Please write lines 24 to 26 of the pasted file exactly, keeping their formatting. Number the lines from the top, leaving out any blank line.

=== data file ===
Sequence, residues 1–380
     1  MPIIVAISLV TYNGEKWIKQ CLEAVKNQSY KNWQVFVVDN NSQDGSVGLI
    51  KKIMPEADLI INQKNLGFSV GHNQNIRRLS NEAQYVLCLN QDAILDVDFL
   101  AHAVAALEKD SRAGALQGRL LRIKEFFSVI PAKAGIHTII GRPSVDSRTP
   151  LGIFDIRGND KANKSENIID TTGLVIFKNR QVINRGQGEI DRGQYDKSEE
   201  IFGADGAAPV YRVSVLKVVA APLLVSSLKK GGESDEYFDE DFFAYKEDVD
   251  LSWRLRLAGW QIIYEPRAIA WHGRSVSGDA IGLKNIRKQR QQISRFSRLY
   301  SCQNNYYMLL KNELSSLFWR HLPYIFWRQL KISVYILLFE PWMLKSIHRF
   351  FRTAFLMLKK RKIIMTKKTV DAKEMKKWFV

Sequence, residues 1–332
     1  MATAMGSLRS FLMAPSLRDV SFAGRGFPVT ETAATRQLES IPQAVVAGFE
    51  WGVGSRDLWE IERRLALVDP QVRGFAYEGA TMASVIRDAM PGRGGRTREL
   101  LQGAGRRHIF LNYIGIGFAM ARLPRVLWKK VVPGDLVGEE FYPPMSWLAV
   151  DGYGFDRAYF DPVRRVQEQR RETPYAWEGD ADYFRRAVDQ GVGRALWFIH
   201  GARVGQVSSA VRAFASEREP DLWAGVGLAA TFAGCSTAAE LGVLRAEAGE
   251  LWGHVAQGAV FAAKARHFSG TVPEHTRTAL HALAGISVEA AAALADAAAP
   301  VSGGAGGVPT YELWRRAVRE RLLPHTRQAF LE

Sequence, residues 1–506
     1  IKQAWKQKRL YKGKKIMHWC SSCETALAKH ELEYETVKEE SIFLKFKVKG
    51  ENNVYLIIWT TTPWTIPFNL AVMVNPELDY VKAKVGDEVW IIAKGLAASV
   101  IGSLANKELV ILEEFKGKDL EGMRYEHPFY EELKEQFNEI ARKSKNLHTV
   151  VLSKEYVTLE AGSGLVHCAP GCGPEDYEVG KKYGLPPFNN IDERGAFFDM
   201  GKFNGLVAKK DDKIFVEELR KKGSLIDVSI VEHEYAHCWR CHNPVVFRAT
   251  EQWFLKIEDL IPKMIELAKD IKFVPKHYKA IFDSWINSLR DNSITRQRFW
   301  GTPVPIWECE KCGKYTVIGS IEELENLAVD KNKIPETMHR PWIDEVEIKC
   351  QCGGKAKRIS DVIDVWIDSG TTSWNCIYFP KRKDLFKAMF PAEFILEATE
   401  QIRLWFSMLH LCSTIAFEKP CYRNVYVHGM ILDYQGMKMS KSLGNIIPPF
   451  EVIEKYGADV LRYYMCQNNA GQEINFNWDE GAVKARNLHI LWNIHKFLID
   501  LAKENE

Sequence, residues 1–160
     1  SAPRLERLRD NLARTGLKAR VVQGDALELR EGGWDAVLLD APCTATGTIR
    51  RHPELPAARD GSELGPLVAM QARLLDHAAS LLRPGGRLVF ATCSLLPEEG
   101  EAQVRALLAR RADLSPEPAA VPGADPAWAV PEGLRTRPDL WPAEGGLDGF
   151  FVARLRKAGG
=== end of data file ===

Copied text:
   251  EQWFLKIEDL IPKMIELAKD IKFVPKHYKA IFDSWINSLR DNSITRQRFW
   301  GTPVPIWECE KCGKYTVIGS IEELENLAVD KNKIPETMHR PWIDEVEIKC
   351  QCGGKAKRIS DVIDVWIDSG TTSWNCIYFP KRKDLFKAMF PAEFILEATE